GSA saves money with contract reviews, IG says
OIG found $268 million in savings from reviewing proposed contracts
The General Services Administration’s Office of Inspector General saved $268 million in fiscal 2009 by performing mid-negotiation reviews of proposed contracts, according to a new report.
Pre-award evaluations provide information to contracting officers during the contract negotiations. If the IG identifies inefficient terms or excessive expenses, the contracts can be renegotiated.
The IG performed advance evaluations on 74 GSA contracts with a combined estimated value of $8.1 billion and recommended that $268 million could be put to better use, according to the OIG’s Semiannual Report to Congress, which was made available on the office’s Web site on Dec. 2.
GSA approved nearly all the savings.
During the fiscal year, the OIG recovered $210 million in criminal, civil, administrative and other actions from 154 audit reports.
The office’s work led to 228 new investigations, 101 criminal indictments and 91 successful prosecutions. There were 150 contractor or individual suspensions and 62 debarments during the year, the IG said.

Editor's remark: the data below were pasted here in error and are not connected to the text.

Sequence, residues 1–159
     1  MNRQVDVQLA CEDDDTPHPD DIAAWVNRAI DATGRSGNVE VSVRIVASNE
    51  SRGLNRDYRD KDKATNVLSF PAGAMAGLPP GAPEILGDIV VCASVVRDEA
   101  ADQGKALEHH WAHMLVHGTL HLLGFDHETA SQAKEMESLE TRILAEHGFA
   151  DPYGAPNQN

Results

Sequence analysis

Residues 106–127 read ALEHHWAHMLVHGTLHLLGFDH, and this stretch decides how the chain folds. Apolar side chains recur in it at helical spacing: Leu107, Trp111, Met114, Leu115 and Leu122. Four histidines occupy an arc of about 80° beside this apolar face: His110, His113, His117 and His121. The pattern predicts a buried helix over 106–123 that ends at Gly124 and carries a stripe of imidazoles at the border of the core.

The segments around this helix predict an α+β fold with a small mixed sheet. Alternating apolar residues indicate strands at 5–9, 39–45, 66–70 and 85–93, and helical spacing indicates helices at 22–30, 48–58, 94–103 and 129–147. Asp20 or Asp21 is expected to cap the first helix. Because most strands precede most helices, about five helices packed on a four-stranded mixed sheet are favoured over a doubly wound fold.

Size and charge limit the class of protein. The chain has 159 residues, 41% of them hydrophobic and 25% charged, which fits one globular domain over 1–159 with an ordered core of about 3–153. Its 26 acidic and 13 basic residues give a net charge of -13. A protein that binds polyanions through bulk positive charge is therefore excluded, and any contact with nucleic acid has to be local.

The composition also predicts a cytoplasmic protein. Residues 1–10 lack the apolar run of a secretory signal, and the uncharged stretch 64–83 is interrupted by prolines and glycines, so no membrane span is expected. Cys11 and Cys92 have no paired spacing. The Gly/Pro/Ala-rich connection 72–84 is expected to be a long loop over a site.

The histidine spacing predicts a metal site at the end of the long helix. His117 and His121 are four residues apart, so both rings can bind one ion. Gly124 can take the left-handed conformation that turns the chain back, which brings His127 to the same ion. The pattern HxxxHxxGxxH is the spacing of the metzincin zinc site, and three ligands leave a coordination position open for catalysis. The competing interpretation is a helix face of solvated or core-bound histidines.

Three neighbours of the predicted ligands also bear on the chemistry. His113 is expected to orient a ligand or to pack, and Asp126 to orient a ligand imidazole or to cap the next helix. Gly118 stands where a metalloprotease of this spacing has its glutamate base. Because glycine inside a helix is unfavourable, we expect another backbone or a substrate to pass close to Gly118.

In April, GSA collected $128 million from NetApp, Inc., following an investigation of alleged false claims and contract fraud.
The report provides an overview of some of the areas evaluated by the IG, including acquisition management and information technology management.
For example, the IG identified inconsistencies in implementing policies with GSA’s Multiple Award Schedule Program and recommended improvements in four areas for information security.
Alice Lipowicz is a staff writer covering government 2.0, homeland security and other IT policies for Federal Computer Week.